Iranian Jerusalem Day – A Campaign of Awareness and Influence Subject to the Narrative of “Unification of the Arenas” and Preparedness For War


In addition to marches, rallies, and speeches by senior Iranian officials, Nasrallah, and the heads of Hamas and the PIJ (April 14, 2023), again this year, the Iranian Jerusalem Day was accompanied by a propaganda campaign of perception and influence. The campaign intensified in light of recent events, emphasizing the rocket attack toward Israel from several theaters: Lebanon, Syria, and the Gaza Strip.

It seems that this year, an emphasis was placed on the fact that the Shiite axis is spreading its patronage to Palestinian organizations in the Gaza Strip, Judea, and Samaria. This year, special attention is given to Judea and Samaria under the slogan “The West Bank (Judea and Samaria) is the defender of Al-Quds”:

We chose to refer to two prominent videos from the campaign. These two videos serve the propaganda campaign well, emphasizing the narrative of the “unification of the arenas” (including Gaza, Judea, and Samaria) against Israel and the message that the Shiite axis is ready for war against Israel.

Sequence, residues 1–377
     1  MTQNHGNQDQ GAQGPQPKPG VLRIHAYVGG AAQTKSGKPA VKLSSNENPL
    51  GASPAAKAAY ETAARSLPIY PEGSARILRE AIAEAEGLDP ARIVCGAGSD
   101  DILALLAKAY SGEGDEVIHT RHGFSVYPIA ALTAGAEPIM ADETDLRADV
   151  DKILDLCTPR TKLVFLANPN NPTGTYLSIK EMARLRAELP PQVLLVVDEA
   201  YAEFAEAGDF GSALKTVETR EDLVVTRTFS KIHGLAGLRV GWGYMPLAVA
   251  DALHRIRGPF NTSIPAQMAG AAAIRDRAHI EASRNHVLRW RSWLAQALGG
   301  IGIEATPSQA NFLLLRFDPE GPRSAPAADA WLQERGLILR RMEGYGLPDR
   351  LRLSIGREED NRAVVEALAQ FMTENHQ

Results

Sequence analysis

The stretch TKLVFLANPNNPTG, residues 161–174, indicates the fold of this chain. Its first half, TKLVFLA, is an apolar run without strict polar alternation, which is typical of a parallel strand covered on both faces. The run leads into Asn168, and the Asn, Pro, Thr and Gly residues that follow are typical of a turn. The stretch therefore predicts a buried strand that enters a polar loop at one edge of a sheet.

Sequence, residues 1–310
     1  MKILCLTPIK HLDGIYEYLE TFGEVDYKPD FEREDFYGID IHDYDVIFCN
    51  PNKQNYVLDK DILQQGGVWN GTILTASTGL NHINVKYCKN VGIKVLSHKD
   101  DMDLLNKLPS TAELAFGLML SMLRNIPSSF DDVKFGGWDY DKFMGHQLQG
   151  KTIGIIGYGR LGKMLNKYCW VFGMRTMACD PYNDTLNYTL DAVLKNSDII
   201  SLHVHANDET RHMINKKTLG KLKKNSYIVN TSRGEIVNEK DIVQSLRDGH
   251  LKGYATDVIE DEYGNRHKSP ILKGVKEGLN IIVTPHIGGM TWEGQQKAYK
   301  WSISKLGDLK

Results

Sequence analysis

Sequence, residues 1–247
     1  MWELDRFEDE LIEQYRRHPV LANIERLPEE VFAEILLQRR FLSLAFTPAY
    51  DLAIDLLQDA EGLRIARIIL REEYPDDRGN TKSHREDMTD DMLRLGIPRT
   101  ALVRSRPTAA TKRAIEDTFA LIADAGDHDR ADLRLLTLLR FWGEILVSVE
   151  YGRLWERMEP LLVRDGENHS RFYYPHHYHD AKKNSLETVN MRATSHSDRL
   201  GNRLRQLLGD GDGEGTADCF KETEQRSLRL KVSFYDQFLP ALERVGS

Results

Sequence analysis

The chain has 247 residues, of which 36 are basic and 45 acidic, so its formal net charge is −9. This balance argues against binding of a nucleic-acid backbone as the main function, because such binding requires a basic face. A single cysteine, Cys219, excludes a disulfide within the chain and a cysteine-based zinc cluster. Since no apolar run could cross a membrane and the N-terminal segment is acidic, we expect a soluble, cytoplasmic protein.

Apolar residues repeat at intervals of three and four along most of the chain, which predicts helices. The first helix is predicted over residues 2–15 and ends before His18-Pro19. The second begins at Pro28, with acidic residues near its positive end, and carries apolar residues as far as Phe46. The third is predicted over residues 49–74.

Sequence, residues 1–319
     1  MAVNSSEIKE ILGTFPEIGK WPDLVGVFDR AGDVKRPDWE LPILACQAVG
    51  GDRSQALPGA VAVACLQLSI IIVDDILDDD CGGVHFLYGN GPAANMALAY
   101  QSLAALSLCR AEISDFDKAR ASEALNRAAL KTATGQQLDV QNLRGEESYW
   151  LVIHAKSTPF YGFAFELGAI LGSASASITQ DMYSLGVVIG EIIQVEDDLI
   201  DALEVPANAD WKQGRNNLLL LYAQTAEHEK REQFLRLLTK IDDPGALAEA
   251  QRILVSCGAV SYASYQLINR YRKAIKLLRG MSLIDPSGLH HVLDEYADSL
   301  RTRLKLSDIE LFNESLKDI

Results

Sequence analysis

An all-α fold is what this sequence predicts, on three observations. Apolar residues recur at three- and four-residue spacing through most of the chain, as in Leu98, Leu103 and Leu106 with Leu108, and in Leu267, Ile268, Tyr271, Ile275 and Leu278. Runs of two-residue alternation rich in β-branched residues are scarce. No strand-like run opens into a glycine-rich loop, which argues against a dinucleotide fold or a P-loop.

The narrative of unification of the arenas can be fulfilled from dual directions:

The “unification of the arenas” narrative is intended to respond to Israel’s policy of isolating the various arenas, as analyzed by the Shiite axis. In his April 14 speech, marking the last Friday of Ramadan and Iranian Jerusalem Day, Nasrallah referred to this policy, saying that Israel’s attempt to isolate the various arenas was a dangerous game and that Israel’s actions in those arenas (Jerusalem, Judea, and Samaria, Gaza, Syria, and Lebanon) could lead to war.

Before we go into detail regarding the videos, we would like to note: We also used the narrative of “unification of the arenas,” but we obviously meant the opposite in our interpretation. When we wrote about Hamas’ military infrastructure in Lebanon in October 2021, we explicitly stated that the State of Israel needs to “think out of the box” and unite the main arenas from which Hamas operates militarily (the Gaza Strip and Lebanon) into a unified arena. When Hamas attacks from the Gaza Strip, Israel can respond against Hamas targets in Lebanon and vice versa. Add to this our assessment that Hezbollah has changed its perception and is now more daring, ideologically, and religiously prepared (and, of course, operationally) for war against Israel and is just waiting for the right opportunity and timing.